Few things stop you from being active quite like Achilles tendonitis pain. Tendon injuries tend to take a long time to heal, and Achilles has a habit of straining in a very “avascular” (low blood supply) area of the body.
In our podiatry practice, we see many cases of Achilles tendonitis every year. Most of the time, conventional treatments can successfully treat Achilles tendonitis pain. Because of this, we always start with the most conservative appropriate treatment. This helps us maximize the value and effectiveness of your care.
Achilles tendonitis pain can impact anyone at any age. However, it’s most common among men participating in athletic activities.
About a million athletes suffer injuries to the Achilles tendon each year. Over the course of their lifetime, nearly half of runners will experience an Achilles injury.
Some Cases of Achilles Tendonitis are Stubborn
A 2000 study showed that while most people suffering from Achilles tendon pain fully recover, nearly 30% required surgery. Even years after the original injury, about one in six were not able to resume their previous activity level. Also, 41% began to suffer problems in the other Achilles tendon.
Incomplete healing of the Achilles tendon can get people stuck in a loop of increasing activity, followed by long periods of recovery. In addition, inconsistent activity levels also increase the likelihood of future Achilles tendon pain.
What can you do if you’re stuck dealing with long-term Achilles tendon pain?
How PRP Can Help Chronic Achilles Tendon Pain
For many years, if conservative treatments failed, the next step was Achilles tendon surgery.
Surgery can be a good option for people with long-term Achilles issues. However, it is also expensive, requires a long recovery time, and may compromise leg strength.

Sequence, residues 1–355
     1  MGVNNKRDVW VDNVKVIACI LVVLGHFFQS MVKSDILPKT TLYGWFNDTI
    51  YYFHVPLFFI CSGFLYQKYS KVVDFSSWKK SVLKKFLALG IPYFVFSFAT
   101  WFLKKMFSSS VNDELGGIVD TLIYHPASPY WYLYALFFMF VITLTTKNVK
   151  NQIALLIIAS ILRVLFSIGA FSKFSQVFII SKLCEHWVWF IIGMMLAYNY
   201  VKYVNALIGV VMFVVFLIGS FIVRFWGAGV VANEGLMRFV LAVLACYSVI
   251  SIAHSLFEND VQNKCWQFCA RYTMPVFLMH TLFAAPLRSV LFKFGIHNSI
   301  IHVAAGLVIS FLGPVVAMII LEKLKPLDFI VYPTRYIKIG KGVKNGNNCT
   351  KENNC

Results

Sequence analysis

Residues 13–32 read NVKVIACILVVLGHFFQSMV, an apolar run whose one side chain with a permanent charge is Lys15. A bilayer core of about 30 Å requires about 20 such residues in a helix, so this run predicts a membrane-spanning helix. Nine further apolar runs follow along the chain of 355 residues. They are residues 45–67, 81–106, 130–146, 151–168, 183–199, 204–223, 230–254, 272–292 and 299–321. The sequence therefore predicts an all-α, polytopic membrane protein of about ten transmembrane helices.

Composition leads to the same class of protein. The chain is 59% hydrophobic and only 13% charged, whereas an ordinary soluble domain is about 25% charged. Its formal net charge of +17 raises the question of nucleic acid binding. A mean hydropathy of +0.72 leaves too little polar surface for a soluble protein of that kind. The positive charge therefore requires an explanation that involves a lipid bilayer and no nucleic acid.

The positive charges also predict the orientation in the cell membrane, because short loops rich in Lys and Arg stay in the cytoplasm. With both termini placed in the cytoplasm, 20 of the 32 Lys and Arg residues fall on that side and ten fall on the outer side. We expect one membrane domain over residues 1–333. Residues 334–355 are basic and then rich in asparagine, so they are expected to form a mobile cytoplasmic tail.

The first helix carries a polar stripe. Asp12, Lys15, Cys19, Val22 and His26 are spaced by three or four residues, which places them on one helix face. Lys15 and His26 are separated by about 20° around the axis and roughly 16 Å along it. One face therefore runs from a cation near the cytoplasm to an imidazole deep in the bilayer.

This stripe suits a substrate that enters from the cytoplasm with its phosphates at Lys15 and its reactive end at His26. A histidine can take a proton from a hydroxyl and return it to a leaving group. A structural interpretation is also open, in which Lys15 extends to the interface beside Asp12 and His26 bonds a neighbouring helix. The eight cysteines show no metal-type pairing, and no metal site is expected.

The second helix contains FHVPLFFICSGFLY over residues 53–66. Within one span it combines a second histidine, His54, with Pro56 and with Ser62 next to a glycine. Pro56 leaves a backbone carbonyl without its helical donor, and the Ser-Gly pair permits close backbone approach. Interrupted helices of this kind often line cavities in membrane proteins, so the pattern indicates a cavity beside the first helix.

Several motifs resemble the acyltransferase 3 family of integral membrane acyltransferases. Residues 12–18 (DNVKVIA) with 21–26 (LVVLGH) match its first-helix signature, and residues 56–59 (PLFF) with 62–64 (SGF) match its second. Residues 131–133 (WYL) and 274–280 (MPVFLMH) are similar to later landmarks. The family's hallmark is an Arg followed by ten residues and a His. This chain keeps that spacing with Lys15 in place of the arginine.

Thankfully, platelet-rich plasma (PRP) gives us an additional option to help the Achilles tendon heal before resorting to surgery.
In a PRP procedure, we draw your blood and spin it in a centrifuge. This causes the blood platelets to concentrate at the top of the vial. Blood platelets contain growth factors, which help to repair damaged tissue in the body. We inject the PRP back into the injured area to let the growth factors get to work healing tissue.
A typical course of PRP treatments for Achilles tendonitis is three PRP injections, spaced four weeks apart. After a follow up appointment four weeks after the final injection, most patients are able to resume running or jogging. In comparison, Achilles tendon surgery often requires 6-12 months of recovery. This expedited recovery process without the associated risk of surgery is one reason many professional athletes choose PRP.
Don’t Let it be Your “Achilles Heel”
If you’re tired of being sidelined by Achilles pain, come see us! We can help get you back on your feet with conservative, conventional treatments for simple cases, and advanced regenerative medicine for chronic or recurring cases.
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